gaming since 1997

The Level Designers – Part 1

In our first part of “The Level Designers” we talk with Harvey “Witchboy” Smith from Ion Storm, lead designer on Deus Ex, and James Parkman, level designer at Legend Entertainment, currently occupied with Unreal 2.

What did you do for studies ?

James : I studied under the watchful gaze of ninja masters in the east. My more mundane studies included English, Philosophy, and Computer Science, each of which I am about 3 courses from a bachelors degree

Harvey : Formally speaking, I dropped out. I was an English major. Writing analysis and learning to form up ideas in an articulate fashion has helped me tremendously in understanding games and sharing this understanding with others. Informally, I’ve played as many games as possible, from age 10 or so onward. I especially love PC RPG’s, shooters (the ‘deeper’ the better, imo) and strategy games. I have always been a big tabletop RPG player (and GM). I like some board games, but I cannot claim to be a huge board game fan.

What brought you to the gaming industry ?

James : During my senior year of college I decided that creating Quake 2 single player levels was far more rewarding than going to class. Luckily this paid off as I got a job at a fledgling company a few months later, after which I landed my current gig at Legend where I worked extensively on Wheel of Time and now on Unreal 2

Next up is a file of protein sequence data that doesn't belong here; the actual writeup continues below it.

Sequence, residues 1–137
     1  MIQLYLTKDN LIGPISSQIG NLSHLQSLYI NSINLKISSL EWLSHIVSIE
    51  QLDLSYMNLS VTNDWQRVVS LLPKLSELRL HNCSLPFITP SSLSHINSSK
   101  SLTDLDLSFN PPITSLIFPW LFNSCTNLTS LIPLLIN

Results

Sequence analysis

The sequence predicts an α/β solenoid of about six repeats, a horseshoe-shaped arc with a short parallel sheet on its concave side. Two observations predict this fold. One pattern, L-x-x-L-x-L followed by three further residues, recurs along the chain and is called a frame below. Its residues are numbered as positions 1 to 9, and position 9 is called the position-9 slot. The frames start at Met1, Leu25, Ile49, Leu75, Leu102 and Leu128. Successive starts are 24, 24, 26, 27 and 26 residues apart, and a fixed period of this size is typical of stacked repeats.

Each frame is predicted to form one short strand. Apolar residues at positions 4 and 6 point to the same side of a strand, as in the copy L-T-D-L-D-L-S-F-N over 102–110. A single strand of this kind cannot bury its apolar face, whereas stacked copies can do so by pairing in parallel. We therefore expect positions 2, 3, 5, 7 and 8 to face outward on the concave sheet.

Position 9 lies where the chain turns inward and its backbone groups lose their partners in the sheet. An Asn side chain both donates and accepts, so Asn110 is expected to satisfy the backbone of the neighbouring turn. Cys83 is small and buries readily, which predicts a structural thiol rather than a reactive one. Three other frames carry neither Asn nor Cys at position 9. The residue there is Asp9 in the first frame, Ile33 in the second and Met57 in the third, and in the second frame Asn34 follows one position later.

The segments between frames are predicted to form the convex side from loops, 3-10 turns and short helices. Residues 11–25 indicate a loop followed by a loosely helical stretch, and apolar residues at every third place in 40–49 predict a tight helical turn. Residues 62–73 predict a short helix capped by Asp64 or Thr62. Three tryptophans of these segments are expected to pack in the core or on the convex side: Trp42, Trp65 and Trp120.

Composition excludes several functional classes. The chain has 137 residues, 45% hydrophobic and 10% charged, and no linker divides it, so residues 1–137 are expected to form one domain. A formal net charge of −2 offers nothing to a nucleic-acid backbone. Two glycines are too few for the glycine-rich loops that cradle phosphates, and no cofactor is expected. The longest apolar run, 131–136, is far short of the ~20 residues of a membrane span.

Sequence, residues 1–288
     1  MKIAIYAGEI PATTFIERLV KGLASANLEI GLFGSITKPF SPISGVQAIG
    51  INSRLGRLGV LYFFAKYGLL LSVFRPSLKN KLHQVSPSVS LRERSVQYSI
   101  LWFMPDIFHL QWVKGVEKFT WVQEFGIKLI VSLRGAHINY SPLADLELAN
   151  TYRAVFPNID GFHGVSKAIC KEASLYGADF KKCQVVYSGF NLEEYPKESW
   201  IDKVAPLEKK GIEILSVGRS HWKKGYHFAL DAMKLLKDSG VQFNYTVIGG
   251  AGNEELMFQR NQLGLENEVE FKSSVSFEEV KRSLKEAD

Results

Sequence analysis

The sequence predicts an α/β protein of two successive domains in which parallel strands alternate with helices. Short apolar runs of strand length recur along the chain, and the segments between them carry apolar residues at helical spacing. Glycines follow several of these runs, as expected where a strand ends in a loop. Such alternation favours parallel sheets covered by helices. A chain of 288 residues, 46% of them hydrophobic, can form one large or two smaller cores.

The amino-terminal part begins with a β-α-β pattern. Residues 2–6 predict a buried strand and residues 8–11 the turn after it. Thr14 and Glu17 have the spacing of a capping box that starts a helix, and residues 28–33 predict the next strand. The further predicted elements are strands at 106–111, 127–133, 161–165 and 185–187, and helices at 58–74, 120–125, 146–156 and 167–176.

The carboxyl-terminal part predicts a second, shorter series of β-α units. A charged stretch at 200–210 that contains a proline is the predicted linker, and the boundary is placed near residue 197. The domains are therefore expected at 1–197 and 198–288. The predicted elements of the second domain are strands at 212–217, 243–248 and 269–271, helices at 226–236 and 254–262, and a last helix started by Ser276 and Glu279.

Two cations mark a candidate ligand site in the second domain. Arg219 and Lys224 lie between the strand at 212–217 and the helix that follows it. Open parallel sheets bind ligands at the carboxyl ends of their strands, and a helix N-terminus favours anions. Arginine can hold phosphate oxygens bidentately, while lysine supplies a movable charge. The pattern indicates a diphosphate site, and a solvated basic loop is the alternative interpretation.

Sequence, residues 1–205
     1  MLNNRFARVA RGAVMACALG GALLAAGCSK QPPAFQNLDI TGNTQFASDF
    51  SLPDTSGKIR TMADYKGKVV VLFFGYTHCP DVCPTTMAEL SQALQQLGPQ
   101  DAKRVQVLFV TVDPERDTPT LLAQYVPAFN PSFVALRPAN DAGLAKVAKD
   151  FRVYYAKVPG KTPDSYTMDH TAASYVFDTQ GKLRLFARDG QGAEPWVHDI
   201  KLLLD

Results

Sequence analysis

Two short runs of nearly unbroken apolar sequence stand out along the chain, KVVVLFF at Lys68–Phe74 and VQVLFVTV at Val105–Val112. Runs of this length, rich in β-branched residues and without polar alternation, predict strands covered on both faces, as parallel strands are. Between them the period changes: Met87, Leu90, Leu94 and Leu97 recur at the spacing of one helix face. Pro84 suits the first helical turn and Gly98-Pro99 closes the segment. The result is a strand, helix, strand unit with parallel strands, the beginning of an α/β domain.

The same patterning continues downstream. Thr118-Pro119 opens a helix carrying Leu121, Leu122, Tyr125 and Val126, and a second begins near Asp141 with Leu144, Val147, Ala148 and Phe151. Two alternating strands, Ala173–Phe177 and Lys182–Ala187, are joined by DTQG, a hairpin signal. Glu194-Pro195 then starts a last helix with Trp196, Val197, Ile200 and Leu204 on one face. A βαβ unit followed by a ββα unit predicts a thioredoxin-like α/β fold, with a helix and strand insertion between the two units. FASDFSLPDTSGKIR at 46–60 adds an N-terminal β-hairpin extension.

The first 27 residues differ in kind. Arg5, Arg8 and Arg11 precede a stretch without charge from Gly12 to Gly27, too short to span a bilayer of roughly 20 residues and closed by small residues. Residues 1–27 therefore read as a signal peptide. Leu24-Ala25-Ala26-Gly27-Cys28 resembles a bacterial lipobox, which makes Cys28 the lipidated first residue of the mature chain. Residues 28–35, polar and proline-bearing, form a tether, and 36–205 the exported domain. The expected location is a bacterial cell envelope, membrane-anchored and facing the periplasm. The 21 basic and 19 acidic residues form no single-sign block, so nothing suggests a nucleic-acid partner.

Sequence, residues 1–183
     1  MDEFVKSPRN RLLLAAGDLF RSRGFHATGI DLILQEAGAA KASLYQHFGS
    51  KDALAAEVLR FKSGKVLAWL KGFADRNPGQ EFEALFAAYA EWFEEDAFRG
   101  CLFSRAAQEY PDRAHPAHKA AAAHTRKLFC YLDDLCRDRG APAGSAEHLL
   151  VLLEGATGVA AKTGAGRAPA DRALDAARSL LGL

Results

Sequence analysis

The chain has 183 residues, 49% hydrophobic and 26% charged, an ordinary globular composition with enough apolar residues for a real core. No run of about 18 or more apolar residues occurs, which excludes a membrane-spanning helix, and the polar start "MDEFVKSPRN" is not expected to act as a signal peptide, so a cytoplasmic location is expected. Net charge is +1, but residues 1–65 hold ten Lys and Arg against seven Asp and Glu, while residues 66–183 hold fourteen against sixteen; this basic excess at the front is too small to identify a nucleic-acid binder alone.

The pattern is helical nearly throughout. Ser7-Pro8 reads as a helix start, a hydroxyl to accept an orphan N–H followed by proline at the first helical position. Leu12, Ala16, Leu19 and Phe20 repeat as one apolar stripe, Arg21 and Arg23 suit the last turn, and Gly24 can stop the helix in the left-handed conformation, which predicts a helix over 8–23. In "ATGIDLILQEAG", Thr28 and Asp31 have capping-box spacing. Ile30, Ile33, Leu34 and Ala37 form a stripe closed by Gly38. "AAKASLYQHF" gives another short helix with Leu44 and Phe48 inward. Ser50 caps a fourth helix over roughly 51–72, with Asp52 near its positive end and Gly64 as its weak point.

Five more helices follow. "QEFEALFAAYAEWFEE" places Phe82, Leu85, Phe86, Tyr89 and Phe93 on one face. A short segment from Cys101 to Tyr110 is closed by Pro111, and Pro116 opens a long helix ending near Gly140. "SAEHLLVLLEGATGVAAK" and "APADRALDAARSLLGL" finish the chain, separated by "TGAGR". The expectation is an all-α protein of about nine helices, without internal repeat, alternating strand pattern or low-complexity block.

Harvey : I applied for a test/QA position at Origin, almost 8 years ago

How did you start making levels ?

James : I downloaded QERadiant and just started making them. Before this, I dabbled in creating Doom and Quake 1 levels but it wasn’t until Quake 2 that I truly immersed myself in mapping

Harvey : I’m not purely a “level” designer, per se. I’m into game mechanics and fiction, and I love working in team leadership roles. I made 2d maps for games before making 3d maps. I started making 3d levels on the side, using Worldcraft to make levels for Quake. I was never the best at that sort of thing–for me, making levels was just a way to get more involved with the game creation process. There are many other aspects of game design that I enjoy more that level/map construction.

Which program(s) do you use to make levels ?

James : Currently I use UnrealEd2, and 3dStudio MAX 3.1 extensively. I’m also pretty familiar with QER but haven’t used it in about a year

Harvey : Currently, UnrealEd. I prefer working in subtractive environments with a tool that allows for quick rebuilds

For which game did you like most to make levels ?

James :I have a soft spot for Quake 2 mapping, as it’s where I got my start

Harvey : Deus Ex. The challenge of creating detailed real-world environments was huge. Also, providing for ‘multiple solutions to all problems’ was a really interesting undertaking

Which levels for what games do you like so much that you regret you didn’t make them ?

James :I always meant to take time to create some Half-Life single player maps, but spare time is rare in this job. I don’t really regret it though, as the stuff we’re working on now is definitely challenging and rewarding

Harvey : Some of the Thief levels really impressed me. Lord Bafford’s Manor, for instance, was conducive to incredibly awesome game-play. The designer was able to create an amazing gestault effect, taking into account the AI, the player-character’s tool set and the game’s incredible atmosphere. There are little examples here and there of spaces I wish I had been involved with: The first ‘haunted house’ level for Realms of the Haunting a few years back had a nice feel. The bombed out cities in Terminator Future Shock were cool. Some of the Half-life levels had a great tactical feel. More recently, the Counter Strike level called Italy is something that I admire a lot